7. Ion propulsion
In the movie, Watney’s crewmates, who thought he was dead, evacuated the planet without him, traveling in a spacecraft that uses ion propulsion to move back and forth between Earth and Mars.
That too is not science fiction.
Ion propulsion works by electrically charging a gas, like argon or xenon. Once charged, the gas becomes an ion. Voltage is then added to the ions, which causes them to shoot out of the engine at high velocity, pushing the spacecraft in the opposite direction.
Ion propulsion has 10 times the efficiency of conventional propulsion. However, it doesn’t have the great power and initial speed that conventional rockets do.
The advantage of ion-based systems is that they don’t demand the great amounts of fuel that traditional gas systems do.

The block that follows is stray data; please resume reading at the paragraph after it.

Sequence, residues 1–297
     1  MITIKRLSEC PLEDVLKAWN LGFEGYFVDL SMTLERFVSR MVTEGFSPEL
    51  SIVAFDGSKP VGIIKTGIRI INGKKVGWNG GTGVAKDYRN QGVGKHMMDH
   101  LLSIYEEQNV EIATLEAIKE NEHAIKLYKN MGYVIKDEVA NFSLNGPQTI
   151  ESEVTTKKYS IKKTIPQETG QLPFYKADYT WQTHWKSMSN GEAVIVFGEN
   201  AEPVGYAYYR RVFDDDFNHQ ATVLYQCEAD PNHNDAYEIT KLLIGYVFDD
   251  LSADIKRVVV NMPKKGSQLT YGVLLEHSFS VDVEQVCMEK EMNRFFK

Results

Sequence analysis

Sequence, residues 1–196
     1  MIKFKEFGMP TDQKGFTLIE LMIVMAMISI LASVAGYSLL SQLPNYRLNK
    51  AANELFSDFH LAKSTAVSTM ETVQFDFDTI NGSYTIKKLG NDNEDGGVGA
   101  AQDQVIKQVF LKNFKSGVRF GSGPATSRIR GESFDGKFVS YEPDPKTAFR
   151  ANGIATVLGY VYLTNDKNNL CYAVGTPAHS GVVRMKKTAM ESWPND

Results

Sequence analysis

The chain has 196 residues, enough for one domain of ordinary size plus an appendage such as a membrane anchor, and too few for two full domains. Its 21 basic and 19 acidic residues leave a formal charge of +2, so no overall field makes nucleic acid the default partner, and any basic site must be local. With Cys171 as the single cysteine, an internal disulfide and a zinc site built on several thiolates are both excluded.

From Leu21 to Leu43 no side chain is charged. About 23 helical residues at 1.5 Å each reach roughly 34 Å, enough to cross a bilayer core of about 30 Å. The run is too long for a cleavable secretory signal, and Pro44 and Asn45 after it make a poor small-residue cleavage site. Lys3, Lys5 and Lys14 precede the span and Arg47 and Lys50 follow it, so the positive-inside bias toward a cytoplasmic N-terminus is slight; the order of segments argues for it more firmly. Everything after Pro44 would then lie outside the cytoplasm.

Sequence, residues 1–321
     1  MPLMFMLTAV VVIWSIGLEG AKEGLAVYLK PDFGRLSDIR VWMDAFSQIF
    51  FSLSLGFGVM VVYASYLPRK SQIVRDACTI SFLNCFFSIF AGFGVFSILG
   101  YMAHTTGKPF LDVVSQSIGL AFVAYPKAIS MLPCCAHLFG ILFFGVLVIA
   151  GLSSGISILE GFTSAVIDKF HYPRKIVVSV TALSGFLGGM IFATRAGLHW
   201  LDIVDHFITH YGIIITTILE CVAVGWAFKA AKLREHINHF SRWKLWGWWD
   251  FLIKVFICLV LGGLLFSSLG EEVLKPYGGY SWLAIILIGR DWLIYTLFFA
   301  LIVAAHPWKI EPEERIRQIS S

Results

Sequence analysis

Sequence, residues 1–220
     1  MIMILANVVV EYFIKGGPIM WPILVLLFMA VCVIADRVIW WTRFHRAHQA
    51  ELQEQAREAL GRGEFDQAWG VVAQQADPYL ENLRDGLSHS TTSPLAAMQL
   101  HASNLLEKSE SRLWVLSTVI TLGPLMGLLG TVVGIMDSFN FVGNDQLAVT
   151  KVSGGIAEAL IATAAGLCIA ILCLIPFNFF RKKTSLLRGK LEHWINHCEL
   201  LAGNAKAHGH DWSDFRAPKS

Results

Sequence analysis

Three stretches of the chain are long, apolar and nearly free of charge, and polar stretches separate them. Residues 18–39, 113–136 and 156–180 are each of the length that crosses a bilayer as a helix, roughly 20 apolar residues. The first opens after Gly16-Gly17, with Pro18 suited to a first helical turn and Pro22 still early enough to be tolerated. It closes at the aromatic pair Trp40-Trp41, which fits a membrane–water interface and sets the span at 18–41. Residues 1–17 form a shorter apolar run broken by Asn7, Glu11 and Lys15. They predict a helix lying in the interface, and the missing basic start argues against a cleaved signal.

Ion propulsion is a technology for spacecraft that are traveling long distances. NASA’s Dawn spacecraft (artist's image shown above), which earlier this year became the first spacecraft to orbit a dwarf planet, used ion propulsion to travel 3.1 billion miles.
"We’ve got to put a lot of tonnage on Mars. We’re going to have to land something the size of a two-story house on Mars -- the habitation system and the life support system. And the crew vehicle is going to be very large if you’re going to put three people on Mars for a year," said Jeff Sheehy, the senior technical officer for NASA's Space Technology Mission Directorate.
"With ion propulsion systems you can go very far on very little," Sheehy said. "These are called continuous thrust systems. It could go on for years. Over a very long time, you wind up building up your velocity beyond what you could with a chemical system. It is the most efficient way to move mass with these big missions to anywhere."